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Data from: The effect of neighborhood size on effective population size in theory and in practice

Citation

Nunney, Leonard (2016), Data from: The effect of neighborhood size on effective population size in theory and in practice, Dryad, Dataset, https://doi.org/10.5061/dryad.qc1nc

Abstract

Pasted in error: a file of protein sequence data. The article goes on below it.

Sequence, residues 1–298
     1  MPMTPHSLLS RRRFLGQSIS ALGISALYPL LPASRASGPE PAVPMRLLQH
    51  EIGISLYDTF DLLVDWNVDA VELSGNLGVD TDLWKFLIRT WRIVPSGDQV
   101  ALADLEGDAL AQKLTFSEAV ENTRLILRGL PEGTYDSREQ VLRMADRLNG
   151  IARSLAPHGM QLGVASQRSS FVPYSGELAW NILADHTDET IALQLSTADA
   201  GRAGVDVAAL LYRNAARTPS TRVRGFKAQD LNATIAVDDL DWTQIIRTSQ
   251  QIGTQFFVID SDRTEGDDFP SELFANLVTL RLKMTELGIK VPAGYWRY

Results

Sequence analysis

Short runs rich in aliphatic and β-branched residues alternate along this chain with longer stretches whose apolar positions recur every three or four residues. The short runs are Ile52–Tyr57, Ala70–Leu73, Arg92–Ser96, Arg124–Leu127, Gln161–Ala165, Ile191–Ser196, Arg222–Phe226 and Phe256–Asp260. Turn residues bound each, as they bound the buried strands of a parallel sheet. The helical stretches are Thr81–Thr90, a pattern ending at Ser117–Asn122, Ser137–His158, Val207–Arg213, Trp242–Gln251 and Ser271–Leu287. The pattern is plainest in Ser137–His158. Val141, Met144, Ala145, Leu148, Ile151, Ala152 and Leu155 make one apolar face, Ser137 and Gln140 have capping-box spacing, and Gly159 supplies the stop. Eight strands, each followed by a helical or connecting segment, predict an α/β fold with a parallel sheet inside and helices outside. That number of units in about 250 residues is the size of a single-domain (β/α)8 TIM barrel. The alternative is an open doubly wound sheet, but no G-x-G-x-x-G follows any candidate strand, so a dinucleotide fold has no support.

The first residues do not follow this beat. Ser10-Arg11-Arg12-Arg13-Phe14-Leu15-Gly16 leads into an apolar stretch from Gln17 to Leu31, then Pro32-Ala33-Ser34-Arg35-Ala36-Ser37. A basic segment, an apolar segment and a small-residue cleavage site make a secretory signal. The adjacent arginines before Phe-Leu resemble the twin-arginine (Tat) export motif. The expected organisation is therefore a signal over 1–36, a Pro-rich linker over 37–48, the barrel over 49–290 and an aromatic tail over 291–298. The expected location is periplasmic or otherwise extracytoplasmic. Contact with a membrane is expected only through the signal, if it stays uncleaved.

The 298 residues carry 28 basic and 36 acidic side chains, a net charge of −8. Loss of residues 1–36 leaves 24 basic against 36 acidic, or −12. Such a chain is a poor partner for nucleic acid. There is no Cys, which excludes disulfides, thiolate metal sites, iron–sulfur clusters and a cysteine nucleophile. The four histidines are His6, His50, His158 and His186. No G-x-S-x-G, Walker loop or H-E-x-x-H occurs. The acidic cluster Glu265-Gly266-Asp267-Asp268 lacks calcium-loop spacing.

The distinction between the effective size of a population (Ne) and the effective size of its neighborhoods (Nn) has sometimes become blurred. Ne reflects the effect of random sampling on the genetic composition of a population of size N, whereas Nn is a measure of within-population spatial genetic structure and depends strongly on the dispersal characteristics of a species. Although Nn is independent of Ne, the reverse is not true. Using simulations of a population of annual plants, it was found that the effect of Nn on Ne was well approximated by Ne=N/(1−FIS), where FIS (determined by Nn) was evaluated population wide. Nn only had a notable influence of increasing Ne as it became smaller (less than or equal to16). In contrast, the effect of Nn on genetic estimates of Ne was substantial. Using the temporal method (a standard two-sample approach) based on 1000 single-nucleotide polymorphisms (SNPs), and varying sampling method, sample size (2–25% of N) and interval between samples (T=1–32 generations), estimates of Ne ranged from infinity to <0.1% of the true value (defined as Ne based on 100% sampling). Estimates were never accurate unless Nn and T were large. Three sampling techniques were tested: same-site resampling, different-site resampling and random sampling. Random sampling was the least biased method. Extremely low estimates often resulted when different-site resampling was used, especially when the population was large and the sample fraction was small, raising the possibility that this estimation bias could be a factor determining some very low Ne/N that have been published.

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